Stunned By Trump, The NYT Finds Time For Some Soul-Searching
Michael Cieply, Deadline.com, Dec 10 2016
It’s been a moment for soul-searching, and to some extent repentance, at the NYT. In much-discussed remarks to his own media columnist James Rutenberg, executive editor Dean Baquet offered a mea culpa for having missed the Donald Trump surprise, though he spoke less for the paper than for journalists in general. Baquet said:
We’ve got to do a much better job of being on the road, out in the country, talking to different kinds of people than we talk to, especially if you happen to be a New York-based news organization, and remind ourselves that New York is not the real world.
Public editor Liz Spayd cut closer to the bone, as she marveled at an election-night flip from an 84% Clinton-to-win assessment by the paper’s elaborate data operation, to a 95% likelihood for Trump just a few hours later. She wrote:
As the NYT begins a period of self-reflection, I hope its editors will think hard about the half of Pindostan the paper too seldom covers. The red state Pindostan campaign coverage that rang the loudest in news coverage grew out of Trump rallies, and it often amplified the voices of the most hateful. One especially compelling video produced with footage collected over months on the campaign trail, captured the ugly vitriol like few others. That’s important coverage. But it and pieces like it drowned out the kind of agenda-free, deep narratives that could have taken NYT readers deeper into the lives and values of the people who just elected the next president.
Having left the NYT on Jul 25, after almost 12 years as an editor and correspondent, I missed the main heat of the presidential campaign, so I can’t add a word to those self-assessments of the recent political coverage. But these recent mornings-after leave me with some hard-earned thoughts about the NYT’s drift from its moorings in the nation at large. For starters, it’s important to accept that the NYT has always or at least for many decades been a far more editor-driven, and self-conscious, publication than many of those with which it competes. For example, the LA Times, where I worked twice, was historically a reporter-driven, bottom-up newspaper. Most editors wanted to know before the first morning meeting, every day:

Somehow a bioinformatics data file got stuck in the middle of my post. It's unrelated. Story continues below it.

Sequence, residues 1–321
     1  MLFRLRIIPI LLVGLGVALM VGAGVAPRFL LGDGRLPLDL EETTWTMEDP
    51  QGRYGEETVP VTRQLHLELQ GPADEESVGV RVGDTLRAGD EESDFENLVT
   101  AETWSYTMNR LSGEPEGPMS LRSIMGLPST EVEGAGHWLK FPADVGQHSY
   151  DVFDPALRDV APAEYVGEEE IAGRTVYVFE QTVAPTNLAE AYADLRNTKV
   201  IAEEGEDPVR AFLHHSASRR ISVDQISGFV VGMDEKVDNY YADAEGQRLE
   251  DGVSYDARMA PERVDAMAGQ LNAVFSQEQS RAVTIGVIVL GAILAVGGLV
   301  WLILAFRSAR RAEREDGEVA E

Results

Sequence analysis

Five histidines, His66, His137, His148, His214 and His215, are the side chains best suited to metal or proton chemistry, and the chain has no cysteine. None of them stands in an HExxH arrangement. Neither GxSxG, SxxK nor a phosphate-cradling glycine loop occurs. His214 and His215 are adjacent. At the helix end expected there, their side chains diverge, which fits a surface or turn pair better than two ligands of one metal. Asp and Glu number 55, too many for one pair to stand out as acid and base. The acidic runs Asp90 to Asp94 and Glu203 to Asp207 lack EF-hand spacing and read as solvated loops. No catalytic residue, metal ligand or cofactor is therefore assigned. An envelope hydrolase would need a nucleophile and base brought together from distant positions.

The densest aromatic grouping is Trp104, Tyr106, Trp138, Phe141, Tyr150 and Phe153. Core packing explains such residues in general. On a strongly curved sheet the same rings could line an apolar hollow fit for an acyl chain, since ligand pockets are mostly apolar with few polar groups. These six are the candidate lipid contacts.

What are you hearing? What have you got?
It was a shock on arriving at the NYT in 2004, as the paper’s movie editor, to realize that its editorial dynamic was essentially the reverse. By and large, talented reporters scrambled to match stories with what internally was often called “the narrative.” We were occasionally asked to map a narrative for our various beats a year in advance, square the plan with editors, then generate stories that fit the pre-designated line. Reality usually had a way of intervening. But I knew one senior reporter who would play solitaire on his computer in the mornings, waiting for his editors to come through with marching orders. Once, in the LA bureau, I listened to a visiting National staff reporter tell a contact, more or less:
My editor needs someone to say such-and-such, could you say that?
The bigger shock came on being told, at least twice, by NYT editors who were describing the paper’s daily Page One meeting: